The Student News Site of Texas A&M University - College Station

The Battalion

The Student News Site of Texas A&M University - College Station

The Battalion

The Student News Site of Texas A&M University - College Station

The Battalion

Texas A&M utility Gavin Grahovac (9) throws the ball during A&Ms game against Georgia on Friday, April 26, 2024, at Olsen Field. (CJ Smith/The Battalion)
Southern slugfest
May 23, 2024
Advertisement
Texas A&M University System Chancellor John Sharp attends the Class of 1972 50-year reunion in Kyle Field on April 20, 2022.
A&M System’s Title IX director suspended after supporting Biden's Title IX changes
Nicholas Gutteridge, Managing Editor • May 23, 2024
Advertisement
Texas A&Ms attendance for the Alabama game was at 108,101 fans ranking it at the third largest game in Kyle Field history.(Ishika Samant/The Battalion)
‘The Mexican 12th Man’
Ian Curtis, Sports Reporter • May 30, 2024

Growing up in the hills of Monterrey, Mexico, Pedro and Carlos Luna were surrounded by soccer.  Clad in the gold and blue of Tigres UANL,...

Advertisement
Beekeeper Shelby Dittman scoops bees back into their hive during a visit on Friday, April 5, 2024. (Kyle Heise/The Battalion)
Bee-hind the scenes
Shalina Sabih, Sports Writer • May 1, 2024

The speakers turn on. Static clicks. And a voice reads “Your starting lineup for the Texas A&M Aggies is …” Spectators hear that...

Kennedy White, 19, sits for a portrait in the sweats she wore the night of her alleged assault inside the Y.M.C.A building that holds Texas A&M’s Title IX offices in College Station, Texas on Feb. 16, 2024 (Ishika Samant/The Battalion).
'I was terrified'
April 25, 2024
Scenes from 74
Scenes from '74
April 25, 2024
Advertisement
Farewell from the graduating Battalion staff of 2024
Farewell from the graduating Battalion staff of 2024
The BattalionMay 4, 2024

Missing Reveille painting returned to campus

Lindsey Gawlik — THE BATTALION
Lindsey Gawlik — THE BATTALION

A 24-year-old mystery came to a close earlier this month when a missing painting of Reveille I was returned to Texas A&M.
The painting vanished in the 1990s from campus, and its disappearance remained a mystery until UPD received a tip in late 2014. The painting was eventually recovered in San Antonio and was returned to campus at an unveiling celebration at the Sanders Corps of Cadets Center Wednesday.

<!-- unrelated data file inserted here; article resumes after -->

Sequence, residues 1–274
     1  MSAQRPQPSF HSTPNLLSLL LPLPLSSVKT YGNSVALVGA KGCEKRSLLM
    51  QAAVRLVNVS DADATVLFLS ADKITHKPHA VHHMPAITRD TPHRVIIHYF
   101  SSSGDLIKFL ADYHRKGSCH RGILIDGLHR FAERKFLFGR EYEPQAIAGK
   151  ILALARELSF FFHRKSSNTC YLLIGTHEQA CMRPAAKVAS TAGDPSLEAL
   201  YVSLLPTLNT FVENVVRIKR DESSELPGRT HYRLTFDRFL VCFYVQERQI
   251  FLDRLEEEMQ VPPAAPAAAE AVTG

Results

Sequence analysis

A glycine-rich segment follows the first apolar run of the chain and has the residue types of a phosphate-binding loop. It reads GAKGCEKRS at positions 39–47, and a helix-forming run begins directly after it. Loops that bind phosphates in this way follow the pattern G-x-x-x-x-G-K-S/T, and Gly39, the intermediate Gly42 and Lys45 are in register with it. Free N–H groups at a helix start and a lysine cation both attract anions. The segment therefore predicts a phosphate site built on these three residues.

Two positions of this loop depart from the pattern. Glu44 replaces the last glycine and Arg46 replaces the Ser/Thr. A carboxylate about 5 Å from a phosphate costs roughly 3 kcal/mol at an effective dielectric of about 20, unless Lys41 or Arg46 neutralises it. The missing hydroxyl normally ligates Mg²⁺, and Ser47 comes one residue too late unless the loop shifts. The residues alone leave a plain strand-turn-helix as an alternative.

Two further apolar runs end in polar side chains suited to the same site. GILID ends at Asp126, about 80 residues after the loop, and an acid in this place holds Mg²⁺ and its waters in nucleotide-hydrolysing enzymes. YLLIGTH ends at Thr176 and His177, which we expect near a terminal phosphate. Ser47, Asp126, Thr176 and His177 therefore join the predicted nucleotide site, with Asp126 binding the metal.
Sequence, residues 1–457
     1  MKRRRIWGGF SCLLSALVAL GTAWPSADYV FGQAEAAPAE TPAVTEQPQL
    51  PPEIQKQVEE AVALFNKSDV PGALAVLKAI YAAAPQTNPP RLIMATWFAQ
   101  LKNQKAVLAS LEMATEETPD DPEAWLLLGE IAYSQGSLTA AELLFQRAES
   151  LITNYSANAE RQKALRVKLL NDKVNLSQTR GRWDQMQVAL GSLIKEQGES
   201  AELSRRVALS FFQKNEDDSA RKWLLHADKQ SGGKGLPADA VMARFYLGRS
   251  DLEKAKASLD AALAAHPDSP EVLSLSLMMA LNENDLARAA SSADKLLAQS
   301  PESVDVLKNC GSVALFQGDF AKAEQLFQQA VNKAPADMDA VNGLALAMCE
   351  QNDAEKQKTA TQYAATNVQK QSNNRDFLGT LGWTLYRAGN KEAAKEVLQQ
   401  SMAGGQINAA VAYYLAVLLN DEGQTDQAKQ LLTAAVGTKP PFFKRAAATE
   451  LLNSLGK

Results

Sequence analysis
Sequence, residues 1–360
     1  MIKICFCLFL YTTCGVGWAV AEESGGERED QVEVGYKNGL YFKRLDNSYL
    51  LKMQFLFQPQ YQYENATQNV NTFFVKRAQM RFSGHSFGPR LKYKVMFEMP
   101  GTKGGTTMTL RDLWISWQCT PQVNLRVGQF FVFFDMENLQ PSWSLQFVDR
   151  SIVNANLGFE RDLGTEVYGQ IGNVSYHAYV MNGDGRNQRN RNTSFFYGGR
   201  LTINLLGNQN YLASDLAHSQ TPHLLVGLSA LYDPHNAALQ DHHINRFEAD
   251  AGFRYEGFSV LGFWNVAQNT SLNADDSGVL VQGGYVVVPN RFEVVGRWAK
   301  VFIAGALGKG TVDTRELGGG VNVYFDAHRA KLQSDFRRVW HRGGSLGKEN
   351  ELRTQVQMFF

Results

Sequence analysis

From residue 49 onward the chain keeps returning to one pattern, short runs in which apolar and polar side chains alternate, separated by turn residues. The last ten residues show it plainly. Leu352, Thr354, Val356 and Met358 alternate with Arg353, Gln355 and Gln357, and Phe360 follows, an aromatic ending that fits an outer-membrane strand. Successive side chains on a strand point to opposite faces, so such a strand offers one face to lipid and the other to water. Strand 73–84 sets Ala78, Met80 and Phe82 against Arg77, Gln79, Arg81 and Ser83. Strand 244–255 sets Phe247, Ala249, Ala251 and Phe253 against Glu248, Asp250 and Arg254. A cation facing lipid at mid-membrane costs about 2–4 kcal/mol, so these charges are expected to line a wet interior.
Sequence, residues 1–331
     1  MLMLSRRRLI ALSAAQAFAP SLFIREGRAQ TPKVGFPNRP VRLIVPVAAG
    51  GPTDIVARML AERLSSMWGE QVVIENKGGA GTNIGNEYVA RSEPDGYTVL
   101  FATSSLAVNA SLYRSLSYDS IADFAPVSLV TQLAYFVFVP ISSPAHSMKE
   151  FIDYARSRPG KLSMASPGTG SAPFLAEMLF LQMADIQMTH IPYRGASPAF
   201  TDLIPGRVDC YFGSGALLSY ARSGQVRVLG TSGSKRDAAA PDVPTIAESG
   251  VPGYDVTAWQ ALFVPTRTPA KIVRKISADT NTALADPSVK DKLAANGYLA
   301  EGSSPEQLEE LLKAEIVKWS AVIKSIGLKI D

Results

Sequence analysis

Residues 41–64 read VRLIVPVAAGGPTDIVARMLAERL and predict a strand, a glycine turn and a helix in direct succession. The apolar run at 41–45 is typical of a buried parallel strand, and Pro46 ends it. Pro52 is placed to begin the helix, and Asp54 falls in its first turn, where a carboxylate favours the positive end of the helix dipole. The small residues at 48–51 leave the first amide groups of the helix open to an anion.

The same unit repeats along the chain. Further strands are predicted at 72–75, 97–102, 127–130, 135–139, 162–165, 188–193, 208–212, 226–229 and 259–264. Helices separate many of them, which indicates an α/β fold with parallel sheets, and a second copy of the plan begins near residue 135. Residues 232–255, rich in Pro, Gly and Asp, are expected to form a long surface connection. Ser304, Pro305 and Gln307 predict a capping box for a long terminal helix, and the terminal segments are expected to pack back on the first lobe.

Brig. Gen. Joe Ramirez Jr., commandant of the Corps of Cadets, said the painting is a piece of Aggie history and the Corps was glad to see it restored to Aggieland.
Ramirez said the story of Reveille I — a roadside mutt’s rise to become a popular five-diamond university mascot — is an important part of Aggie history that still resonates with all Aggies.
Ramirez said the painting went missing sometime in the 1990s during renovations to the military sciences building, where the painting previously hung.
Ramirez said although it is not clear the circumstances of the disappearance or exact time, the painting simply vanished and was not seen again for 24 years until university police received a call.
Mike Johnson, assistant chief of the University Police Department, said UPD officer Russell Rogers received a call on Dec. 2 with information on how to find the painting.
“From the valuable information provided by the caller, Officer Rogers was able to contact the former roommate of the person thought to be in possession of the painting,” Johnson said. “This former roommate provided contact information for this individual, who was working out of the country at the time.”
Johnson said Rogers — with the help of two UPD communications officers — contacted many of the leads he received about the case and reached out to the person who was thought to have the painting on Dec. 5.
“Several hours later, Rogers received a call from that individual who stated that he was in possession of the painting and that it was in a storage facility,” Johnson said. “Officer Rogers and our communications officers went through several more weeks of following up on the case to try to validate all the information they were receiving.”
On Dec. 30, Johnson said Rogers received a call from the individual who had the painting and made arrangements to meet.
Rogers said the case was the most interesting case in his 10-year service for the UPD.
“A lot of the people I dealt with happen to be former students and they were extremely helpful and extremely cooperative, and they wanted it back just as much as I did,” Rogers said. “I was glad to be a part of this investigation. It’s not everyday you get to investigate something that happened when you were 10, much less a painting that is probably worth more than my annual salary.”
Rogers confirmed the painting was found in a storage unit in San Antonio, but said he can’t say much more on the matter other than no charges have been filed and everyone was extremely cooperative.
“It is remarkable that we were able to recover an item that had been missing for over 24 years,” Johnson said.
Ryan Kreider, handler of Reveille VIII and sport management sophomore, said it means a lot to the Corps and Company E2 to have the painting returned.
“It’s definitely, I mean any kind of artifact that connects us back to the past history of Texas A&M is huge, because it reminds us where we come from and the achievements that we have had and it’s a beautiful thing, it just means a lot to me,” Kreider said.

Leave a Comment
Donate to The Battalion

Your donation will support the student journalists of Texas A&M University - College Station. Your contribution will allow us to purchase equipment and cover our annual website hosting costs.

More to Discover
Donate to The Battalion

Comments (0)

All The Battalion Picks Reader Picks Sort: Newest

Your email address will not be published. Required fields are marked *